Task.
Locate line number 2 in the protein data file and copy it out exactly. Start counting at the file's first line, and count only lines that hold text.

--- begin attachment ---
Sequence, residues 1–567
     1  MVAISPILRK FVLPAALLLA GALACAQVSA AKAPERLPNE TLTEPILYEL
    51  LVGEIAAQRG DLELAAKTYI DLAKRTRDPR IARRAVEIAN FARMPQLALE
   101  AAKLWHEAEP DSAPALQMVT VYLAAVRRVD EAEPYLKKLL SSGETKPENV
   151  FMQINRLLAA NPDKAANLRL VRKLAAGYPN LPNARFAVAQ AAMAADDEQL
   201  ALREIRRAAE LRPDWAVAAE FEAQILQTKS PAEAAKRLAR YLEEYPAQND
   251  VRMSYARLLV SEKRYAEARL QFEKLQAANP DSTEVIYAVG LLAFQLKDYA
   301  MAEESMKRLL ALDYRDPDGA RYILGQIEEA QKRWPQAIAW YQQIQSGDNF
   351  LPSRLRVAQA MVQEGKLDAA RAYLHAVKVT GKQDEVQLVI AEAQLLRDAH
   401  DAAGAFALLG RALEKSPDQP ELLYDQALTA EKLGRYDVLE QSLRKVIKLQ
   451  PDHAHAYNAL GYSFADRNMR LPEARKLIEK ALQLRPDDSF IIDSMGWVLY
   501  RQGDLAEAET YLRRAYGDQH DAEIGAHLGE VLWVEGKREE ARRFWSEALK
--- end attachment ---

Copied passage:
     1  MVAISPILRK FVLPAALLLA GALACAQVSA AKAPERLPNE TLTEPILYEL